Now here’s the scary evil part. It’s actually in Facebook’s best interest to limit the reach of Page posts. They created a problem (“No one’s viewing my posts!”) and then offered a solution in the form of paid boosted posts (“Take my money!”). A Page can pay Facebook to bypass the algorithm and show their content to X many of their followers or to X number of people from a chosen target audience. 

Facebook ads, or boosted/sponsored posts, make up a large portion of their revenue (6). It’s a pretty genius business strategy. The public freely and voluntarily feeds Facebook data in the form of what they like, where they live, how old they are, what their religion is, etc. Even if a person never posts a single thing on Facebook, their browsing habits still give the company valuable data. You know that saying “If a service is free, then you’re the product?” It’s never been truer. 

This data allows companies are able to get very specific with targeting. If I had a wedding dress company in New York City, I could target women aged 18 - 45 that live within 100 miles of NYC and recently changed their relationship status to engaged. (In fact, when I got engaged to Lucas, my Facebook feed was filled with wedding related ads. It was unbearable. Lucas’ feed had no wedding ads whatsoever, leading me to believe these ads were targeted based on gender.)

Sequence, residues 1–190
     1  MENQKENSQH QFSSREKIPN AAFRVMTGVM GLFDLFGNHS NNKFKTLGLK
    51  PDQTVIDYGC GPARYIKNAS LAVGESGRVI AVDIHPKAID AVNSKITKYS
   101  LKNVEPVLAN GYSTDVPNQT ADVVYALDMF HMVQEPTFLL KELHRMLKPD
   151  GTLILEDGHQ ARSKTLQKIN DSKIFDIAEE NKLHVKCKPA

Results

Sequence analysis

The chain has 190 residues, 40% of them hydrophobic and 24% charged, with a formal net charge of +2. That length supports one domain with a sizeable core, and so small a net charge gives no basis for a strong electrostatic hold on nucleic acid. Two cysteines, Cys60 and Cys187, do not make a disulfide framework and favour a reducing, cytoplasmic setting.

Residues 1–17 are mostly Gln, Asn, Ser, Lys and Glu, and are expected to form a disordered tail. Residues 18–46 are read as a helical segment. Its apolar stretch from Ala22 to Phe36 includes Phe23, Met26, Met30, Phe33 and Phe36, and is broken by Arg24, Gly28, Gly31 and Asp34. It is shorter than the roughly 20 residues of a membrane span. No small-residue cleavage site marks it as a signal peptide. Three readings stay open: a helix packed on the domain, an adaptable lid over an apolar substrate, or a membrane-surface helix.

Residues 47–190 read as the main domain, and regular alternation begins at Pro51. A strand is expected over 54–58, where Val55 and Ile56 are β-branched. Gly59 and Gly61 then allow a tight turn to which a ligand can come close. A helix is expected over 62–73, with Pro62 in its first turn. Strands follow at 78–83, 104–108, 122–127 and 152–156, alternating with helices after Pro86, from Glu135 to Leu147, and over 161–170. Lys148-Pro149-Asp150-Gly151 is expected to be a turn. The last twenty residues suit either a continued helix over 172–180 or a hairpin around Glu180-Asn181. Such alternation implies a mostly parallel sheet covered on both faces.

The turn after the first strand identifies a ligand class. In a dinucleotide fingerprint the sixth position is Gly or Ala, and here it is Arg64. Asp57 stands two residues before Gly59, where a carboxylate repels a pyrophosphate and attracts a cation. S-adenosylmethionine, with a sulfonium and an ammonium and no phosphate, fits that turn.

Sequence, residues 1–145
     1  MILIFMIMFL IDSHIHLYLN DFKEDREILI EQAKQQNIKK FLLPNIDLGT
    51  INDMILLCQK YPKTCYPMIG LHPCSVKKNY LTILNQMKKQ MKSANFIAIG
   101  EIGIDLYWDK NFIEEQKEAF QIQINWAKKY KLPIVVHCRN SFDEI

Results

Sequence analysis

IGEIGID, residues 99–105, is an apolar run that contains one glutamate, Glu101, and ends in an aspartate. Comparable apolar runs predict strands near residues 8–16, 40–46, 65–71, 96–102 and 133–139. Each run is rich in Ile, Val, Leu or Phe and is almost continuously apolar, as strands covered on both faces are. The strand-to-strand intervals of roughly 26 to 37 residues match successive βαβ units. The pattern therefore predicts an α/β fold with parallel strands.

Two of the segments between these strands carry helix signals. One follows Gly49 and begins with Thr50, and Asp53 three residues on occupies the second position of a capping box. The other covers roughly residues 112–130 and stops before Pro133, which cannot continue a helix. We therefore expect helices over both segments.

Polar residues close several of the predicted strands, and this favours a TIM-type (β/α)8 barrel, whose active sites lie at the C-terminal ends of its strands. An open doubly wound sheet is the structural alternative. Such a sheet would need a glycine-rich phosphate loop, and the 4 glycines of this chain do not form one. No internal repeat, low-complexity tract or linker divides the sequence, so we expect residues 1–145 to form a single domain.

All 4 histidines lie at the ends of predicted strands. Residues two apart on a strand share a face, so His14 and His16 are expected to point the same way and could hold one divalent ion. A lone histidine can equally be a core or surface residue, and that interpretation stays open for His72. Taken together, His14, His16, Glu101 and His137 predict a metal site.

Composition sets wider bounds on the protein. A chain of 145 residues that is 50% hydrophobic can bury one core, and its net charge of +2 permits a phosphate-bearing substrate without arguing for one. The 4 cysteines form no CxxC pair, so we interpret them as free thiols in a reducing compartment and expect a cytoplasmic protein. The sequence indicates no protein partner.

It’s enticing to sink a little of money into sponsored posts. It’s cheap, and it offers extremely targeted marketing. But be careful! Target wisely. Remember, you need engaged followers to like your page if you want your unsponsored posts to be seen. Make sure your target audience actually wants to like you. I have seen pages with 40,000 likes be rendered useless because the initial targeting wasn’t set up correctly. I’ve also seen pages use them very successfully. Whatever you do, do it with intention and thought. 

Additionally, be very mindful of the CPM (Cost per 1,000 impressions) or CPC (cost per link click). Just because your ad is being seen by 2,000 people does not mean that it’s an effective marketing tool.


Reading this may make you think “Why should I have a Facebook page at all? This sounds terrible!” Many brands would agree with you. Trader Joe's, Apple, and Marlboro famously don’t have a Facebook presence (7). Apple’s dummy page has almost 1 million likes, despite it never being claimed by the company. These brands realize that Facebook requires a brand to cater to the audience at hand, rather than the audience it wants to reach. While it’s true that Facebook can provide useful data on a brand’s audience, what happens if the brand wants to reach a new target market? Given the way Facebook’s algorithm works, it will be nearly impossible to reach the new market without paying Facebook a pretty penny. As Elan Dekel put it in a Forbes.com article “Instead of building a database of users that you can contact at will, you are essentially paying Facebook to build a list of people that you can then advertise to.”(8)